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Bright Lights, Big Ideas

These single-cell dinoflagellates are sometimes called “sea sparkle.” They emit tiny flashes of light when disturbed. DOUG PERRINE—NATURE PICTURE LIBRARY/ALAMY

Researchers are looking to nature for innovative ideas.

Imagine a world where everyday objects produce their own light. Glowing trees illuminate illuminate MARGARET STEVENS—EYEEM/GETTY IMAGES to light (verb) The Empire State Building is illuminated every night. city streets. Crops gleam to signal that they need water or they are ready to be picked. Street signs blaze with the light of millions of tiny organisms. It could happen!

Innovators are looking to nature’s bright lights for ideas. Hans Waldenmaier studies fungi fungi DOROTHEE DREYER—EYEEM/GETTY IMAGES a group of organisms that includes mold, mushrooms, and yeast (noun) The hikers saw fungi growing on a tree stump in the forest. deep in the forests of Brazil. According to Waldenmaier, the fungi produce a glow that is just like the light from a flashlight or a lightbulb. “But without electricity and from something that’s alive,” he told TFK.

Bioluminescence is the result of a chemical reaction. The reaction produces light in a firefly’s abdomen. The light attracts mates.


Bioluminescent organisms produce light through a chemical reaction. About 80% of the planet’s bioluminescent organisms are found in the ocean.

The ability to glow serves a variety of purposes. Some creatures use their light to communicate, others to hunt, to mate, or for self-defense. The vampire squid, for example, squirts a cloud of light to confuse predators.

Bioluminescent organisms are inspiring discoveries. “It’s quite an exciting time in bioluminescence,” Waldenmaier says. “The possibilities are endless.”

Read about three ways researchers are taking their cue from nature.

Illuminating Discoveries

Scientists are copying glowing organisms to study cancer cells like these.


Gary and Kathy Luker are research scientists at the University of Michigan. They use bioluminescence as a tool in cancer research. The Lukers have turned to glowing arthropods like fireflies and click beetles­ to understand how some cancer cells work. In one experiment, the scientists make healthy cells glow one color and harmful cells another. “The click beetle has two light organs—a green and a red one,” Kathy Luker says. “We just copy what the beetle does and put that into the cells [we are studying].”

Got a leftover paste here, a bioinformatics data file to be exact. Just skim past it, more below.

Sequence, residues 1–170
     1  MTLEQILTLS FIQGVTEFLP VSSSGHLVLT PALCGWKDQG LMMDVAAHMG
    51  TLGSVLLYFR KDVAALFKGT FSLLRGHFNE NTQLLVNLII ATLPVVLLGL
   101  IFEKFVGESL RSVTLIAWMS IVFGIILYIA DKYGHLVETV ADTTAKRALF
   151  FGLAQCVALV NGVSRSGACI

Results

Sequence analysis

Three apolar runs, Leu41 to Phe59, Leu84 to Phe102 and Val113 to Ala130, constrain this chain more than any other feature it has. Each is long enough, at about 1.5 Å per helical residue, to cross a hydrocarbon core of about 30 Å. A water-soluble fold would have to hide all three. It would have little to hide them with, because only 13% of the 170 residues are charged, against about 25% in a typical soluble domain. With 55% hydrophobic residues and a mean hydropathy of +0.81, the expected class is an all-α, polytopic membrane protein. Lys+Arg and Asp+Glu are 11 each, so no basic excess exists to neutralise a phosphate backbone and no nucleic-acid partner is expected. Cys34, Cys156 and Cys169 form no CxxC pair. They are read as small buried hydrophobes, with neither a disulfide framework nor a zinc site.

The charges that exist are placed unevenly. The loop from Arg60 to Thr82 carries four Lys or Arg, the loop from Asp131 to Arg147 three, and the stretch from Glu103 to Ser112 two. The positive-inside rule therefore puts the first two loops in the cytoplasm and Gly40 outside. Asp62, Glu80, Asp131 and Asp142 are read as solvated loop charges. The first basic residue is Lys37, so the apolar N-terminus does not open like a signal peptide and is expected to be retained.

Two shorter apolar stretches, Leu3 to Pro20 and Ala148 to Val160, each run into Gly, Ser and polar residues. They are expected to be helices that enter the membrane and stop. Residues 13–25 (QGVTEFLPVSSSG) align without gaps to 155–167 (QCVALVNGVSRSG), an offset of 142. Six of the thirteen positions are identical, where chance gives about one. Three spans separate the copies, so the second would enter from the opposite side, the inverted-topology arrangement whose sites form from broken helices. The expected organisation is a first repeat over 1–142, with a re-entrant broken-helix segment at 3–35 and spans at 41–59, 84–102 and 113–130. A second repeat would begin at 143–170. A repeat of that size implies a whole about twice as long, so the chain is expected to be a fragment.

Green Light

Gleaux sells houseplants that glow in the dark.


Bioluminescence doesn’t exist naturally in plants. But a company called Gleaux is creating plants that light up. “People have dreamed about this stuff for many generations,” says the company’s founder, Alexander Krichevsky. He is working toward a future in which gleaming plants replace indoor lamps and glowing trees line highways. The future of farming looks bright too, says Krichevsky. Crops might glow to let farmers know when they are ready for nourishment or harvesting.

That Natural Glow

Glowee creates Earth-friendly light displays using tiny, bright bacteria.


The French company Glowee is lighting the way with bioluminescence. The company has developed technology to illuminate store windows and street signs using lab-grown bioluminescent bacteria­. It is the same type of bacteria that causes Hawaiian bobtail squid to shine. Glowee hopes its inventions will one day replace electric lighting. “This could be a great solution for the future of energy and light,” says Glowee’s founder, Sandra Rey. “Our impact is global.”

Glowee’s installations only last about three days. Once the light fades, the company recycles the bacteria for reuse.

Now Rey and her team are playing with nature to improve the quality of their light. They are working to create light that shines brighter, lasts longer, and comes in a variety of colors.

“Nature can come up with solutions,” Rey says. “Everything works perfectly in nature­­—we just have to look around ourselves.”